Articles Posted in Extortion

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It’s potentially one the most bizarre Los Angeles DUI trials of 2014…chris-lanzillo-dui-costa-mesa

A Riverside Private Eye, Chris Lanzillo, has taken the 5th Amendment (to avoid self-incrimination under oath) over 200 times in a recent deposition.

Lanzillo stands accused of following Jim Righeimer, the Mayor of Costa Mesa, back in 2012, and calling in a fake DUI report on him. The lawsuit says the PI tailed the mayor, called 911, and reported that the mayor had been driving erratically and weaving around. Lanzillo was working for the Costa Mesa Police Association, which had been in a major kerfuffle with Mayor Righeimer and his City Council.

Critics believe that Lanzillo – backed by the Police Association — engaged in an illegal smear campaign. Righeimer’s successor, Mayor Pro Tem, Steve Mensinger, says that someone also put a GPS device on his vehicle, when he ran for election.

An attorney representing the Mayor and the Mayor Pro Tem expressed his disgust with the whole situation: “It is very disturbing when any organization associated with law enforcement refuses to answer questions under oath on the grounds that the answer may incriminate them.”

The deposition of Lanzillo lasted a full three hours, and he took the 5th 200 times. That means that, on average, Lanzillo took the 5th more than **once a minute for three hours in a row**.

The Costa Mesa Police Union, meanwhile, denies the knowledge of the false DUI and instead places blame on a law firm it hired – Lackie Dammeier McGill & Ethir – which has since been dissolved. The firm had a reputation for representing police associations in a very aggressive manner.

Who knows how the trial down in Costa Mesa will turn out? It’s interesting to consider, and it does teach us that DUI cases can easily devolve into a situation of “he said, she said.”

How does anyone really know what happened during a DUI arrest (or accident) in an objective way? The answer is that objective fact finding is hard! An accident reconstruction expert – who is familiar with DUI crashes – should get involved, ASAP, and identify what happened prior to the collision. For instance, was the crash unavoidable, or did human error or negligence play some role? The analyst should also look at the mechanical condition of the vehicles involved, weather, traffic and lighting that may have been relevant, and road conditions.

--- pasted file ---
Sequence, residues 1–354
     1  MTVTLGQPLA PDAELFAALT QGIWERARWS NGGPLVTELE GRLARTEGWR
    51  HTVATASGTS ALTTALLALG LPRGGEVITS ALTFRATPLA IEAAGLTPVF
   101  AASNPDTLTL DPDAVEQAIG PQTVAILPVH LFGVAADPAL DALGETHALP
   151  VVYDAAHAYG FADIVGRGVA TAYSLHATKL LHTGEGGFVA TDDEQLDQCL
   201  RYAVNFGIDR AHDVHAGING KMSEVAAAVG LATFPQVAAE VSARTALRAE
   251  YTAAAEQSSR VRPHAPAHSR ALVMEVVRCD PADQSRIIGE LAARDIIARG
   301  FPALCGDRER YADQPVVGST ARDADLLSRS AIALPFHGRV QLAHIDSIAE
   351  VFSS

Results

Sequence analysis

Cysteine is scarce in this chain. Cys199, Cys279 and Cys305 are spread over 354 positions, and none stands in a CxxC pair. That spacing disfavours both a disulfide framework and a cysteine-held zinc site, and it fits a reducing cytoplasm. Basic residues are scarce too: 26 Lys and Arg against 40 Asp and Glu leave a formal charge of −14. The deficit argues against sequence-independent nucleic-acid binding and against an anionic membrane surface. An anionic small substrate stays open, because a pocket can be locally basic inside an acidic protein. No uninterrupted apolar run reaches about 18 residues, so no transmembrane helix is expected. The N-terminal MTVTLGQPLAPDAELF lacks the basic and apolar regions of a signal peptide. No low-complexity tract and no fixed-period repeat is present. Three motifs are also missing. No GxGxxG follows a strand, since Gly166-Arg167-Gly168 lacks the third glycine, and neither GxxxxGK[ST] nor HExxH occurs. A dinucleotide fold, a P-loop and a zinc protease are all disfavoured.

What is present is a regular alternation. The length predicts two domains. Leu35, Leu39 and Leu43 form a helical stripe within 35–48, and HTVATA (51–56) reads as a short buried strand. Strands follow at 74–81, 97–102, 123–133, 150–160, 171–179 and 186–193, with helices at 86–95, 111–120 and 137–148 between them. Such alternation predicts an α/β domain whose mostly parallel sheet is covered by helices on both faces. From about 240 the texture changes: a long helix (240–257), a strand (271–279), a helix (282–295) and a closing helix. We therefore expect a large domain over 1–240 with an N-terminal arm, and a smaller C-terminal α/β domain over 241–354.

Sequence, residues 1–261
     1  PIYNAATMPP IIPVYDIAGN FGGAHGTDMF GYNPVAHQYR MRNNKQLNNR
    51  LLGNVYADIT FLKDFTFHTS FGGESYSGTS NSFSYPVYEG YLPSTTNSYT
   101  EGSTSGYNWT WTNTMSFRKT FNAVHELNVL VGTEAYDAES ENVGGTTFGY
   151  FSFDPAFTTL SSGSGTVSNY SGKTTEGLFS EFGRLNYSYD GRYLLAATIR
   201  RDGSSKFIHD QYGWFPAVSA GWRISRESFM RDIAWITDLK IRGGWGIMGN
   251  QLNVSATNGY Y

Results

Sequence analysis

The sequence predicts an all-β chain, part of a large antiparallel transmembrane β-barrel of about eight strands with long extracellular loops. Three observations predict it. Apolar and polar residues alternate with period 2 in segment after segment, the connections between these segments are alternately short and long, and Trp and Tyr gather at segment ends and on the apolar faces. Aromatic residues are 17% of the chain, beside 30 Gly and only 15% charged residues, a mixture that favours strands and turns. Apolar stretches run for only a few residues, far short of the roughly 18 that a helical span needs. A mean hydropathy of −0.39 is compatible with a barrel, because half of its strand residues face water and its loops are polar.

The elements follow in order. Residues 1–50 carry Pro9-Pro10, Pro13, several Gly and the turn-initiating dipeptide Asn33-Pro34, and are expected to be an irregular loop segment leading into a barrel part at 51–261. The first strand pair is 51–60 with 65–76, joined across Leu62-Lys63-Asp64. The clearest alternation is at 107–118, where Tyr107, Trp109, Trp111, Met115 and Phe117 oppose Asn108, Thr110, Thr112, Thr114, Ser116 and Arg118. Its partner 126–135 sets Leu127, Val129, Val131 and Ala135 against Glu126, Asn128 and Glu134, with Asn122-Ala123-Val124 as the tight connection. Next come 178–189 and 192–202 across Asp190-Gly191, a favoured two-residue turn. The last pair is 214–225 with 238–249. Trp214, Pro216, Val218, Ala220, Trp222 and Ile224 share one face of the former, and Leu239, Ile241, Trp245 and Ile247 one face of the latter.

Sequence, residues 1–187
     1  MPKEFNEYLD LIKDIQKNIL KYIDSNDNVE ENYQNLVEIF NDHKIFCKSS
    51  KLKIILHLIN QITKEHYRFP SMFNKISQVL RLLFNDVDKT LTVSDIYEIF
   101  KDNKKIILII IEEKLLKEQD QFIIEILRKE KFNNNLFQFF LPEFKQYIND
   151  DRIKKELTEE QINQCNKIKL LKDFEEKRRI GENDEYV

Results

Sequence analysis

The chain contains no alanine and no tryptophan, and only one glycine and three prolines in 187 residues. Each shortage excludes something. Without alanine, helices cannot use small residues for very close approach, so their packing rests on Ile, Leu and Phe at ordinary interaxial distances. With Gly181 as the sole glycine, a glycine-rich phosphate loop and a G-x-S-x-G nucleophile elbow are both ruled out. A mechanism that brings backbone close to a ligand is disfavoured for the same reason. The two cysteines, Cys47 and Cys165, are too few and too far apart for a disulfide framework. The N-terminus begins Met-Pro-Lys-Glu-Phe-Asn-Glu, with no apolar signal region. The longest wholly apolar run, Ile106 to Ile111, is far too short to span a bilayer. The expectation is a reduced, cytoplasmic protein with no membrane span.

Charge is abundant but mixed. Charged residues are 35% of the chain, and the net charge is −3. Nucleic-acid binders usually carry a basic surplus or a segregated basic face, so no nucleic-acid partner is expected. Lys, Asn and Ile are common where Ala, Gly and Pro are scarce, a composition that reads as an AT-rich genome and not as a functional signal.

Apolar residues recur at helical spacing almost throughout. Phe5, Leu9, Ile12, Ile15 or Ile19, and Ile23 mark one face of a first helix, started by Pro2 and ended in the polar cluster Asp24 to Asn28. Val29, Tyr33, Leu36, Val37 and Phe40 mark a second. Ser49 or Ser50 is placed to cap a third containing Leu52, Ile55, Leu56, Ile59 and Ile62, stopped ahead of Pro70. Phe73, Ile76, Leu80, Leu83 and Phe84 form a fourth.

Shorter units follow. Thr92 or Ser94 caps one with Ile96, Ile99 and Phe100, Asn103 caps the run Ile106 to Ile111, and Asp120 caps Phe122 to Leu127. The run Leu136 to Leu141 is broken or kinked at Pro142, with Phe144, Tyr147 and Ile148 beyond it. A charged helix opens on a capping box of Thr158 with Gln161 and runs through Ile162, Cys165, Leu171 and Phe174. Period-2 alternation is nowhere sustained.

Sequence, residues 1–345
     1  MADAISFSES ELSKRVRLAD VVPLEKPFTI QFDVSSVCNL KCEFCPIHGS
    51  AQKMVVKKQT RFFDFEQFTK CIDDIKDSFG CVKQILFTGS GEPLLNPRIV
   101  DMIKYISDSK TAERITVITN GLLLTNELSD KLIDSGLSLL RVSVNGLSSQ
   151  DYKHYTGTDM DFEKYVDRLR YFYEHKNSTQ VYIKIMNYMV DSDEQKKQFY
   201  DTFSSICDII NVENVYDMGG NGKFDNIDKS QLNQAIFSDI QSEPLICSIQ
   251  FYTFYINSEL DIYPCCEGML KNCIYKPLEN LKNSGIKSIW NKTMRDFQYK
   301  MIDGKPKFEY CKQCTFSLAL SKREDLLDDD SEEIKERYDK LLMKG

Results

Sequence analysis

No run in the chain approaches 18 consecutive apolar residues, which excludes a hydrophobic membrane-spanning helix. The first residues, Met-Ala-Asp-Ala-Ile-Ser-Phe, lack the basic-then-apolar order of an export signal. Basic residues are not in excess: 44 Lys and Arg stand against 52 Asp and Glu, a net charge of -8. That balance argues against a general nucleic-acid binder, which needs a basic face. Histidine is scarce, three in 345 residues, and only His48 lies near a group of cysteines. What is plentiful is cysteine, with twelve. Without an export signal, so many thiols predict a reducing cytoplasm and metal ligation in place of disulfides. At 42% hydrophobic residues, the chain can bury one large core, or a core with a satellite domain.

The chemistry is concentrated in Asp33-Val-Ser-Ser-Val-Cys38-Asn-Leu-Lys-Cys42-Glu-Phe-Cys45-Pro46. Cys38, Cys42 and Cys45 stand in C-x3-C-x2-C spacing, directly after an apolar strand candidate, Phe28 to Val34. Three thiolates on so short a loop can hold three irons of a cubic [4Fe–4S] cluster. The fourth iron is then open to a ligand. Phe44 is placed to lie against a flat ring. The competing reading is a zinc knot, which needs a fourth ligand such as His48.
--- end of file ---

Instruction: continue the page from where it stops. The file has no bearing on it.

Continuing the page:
To construct your Los Angeles DUI defense effectively, connect with Michael Kraut of the Kraut Criminal & DUI Lawyers immediately for a free consultation. Continue reading

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Prosecutors and top rated defense attorneys faced off in court today over the allegations of sex, lies and screenplays in the David Letterman extortion case. Extortion is a serious crime. A person convicted of this offense will most likely be sent to state prison for many many years. Extortion is defined as the use of either threat of violence or some other criminal means to cause any harm, including financial, to another person or their reputation, to obtain property from someone else with their consent.

In this case, Halderman is accused of threatening to divulge personal information about Letterman that could cause harm to the entertainer’s reputation.

The case revolves around Halderman, a well known TV producer,whose wife had a long running affair with Mr. Letterman. Halderman is the accused extortionist who wrote a screenplay about Letterman’s sex life with female staffers. The case stems from Halderman, who was angry over his wife’s affair could not find any way to make his wife stop the relationship with the late night comic. Records indicate that he continually confronted his wife about ceasing the affair. She apparently apologized and committed to her relationship with Halderman. Things seemed to be mending between the couple until he found that she had not stopped the affair.

Halderman decided to take his revenge out on the keyboard. Penning a script about Letterman’s hostile work environment. Then on September 9, 2009, Halderman delivered a portion of the script, which contained changed names, to Letterman’s driver, with documents which corroborated Halderman’s facts in the script. He then gave Letterman an opportunity to buy the script rather then see it made into a movie. Halderman met two times with Letterman’s lawyers and in taped conversations in which he was recorded demanding money. Afterward, a check for $2 million was given to Halderman.

Halderman’s criminal defense attorney indicated that their client was merely selling a screenplay and by filing the charges, the prosecutors were infringing on his First Amendment right of free speech.

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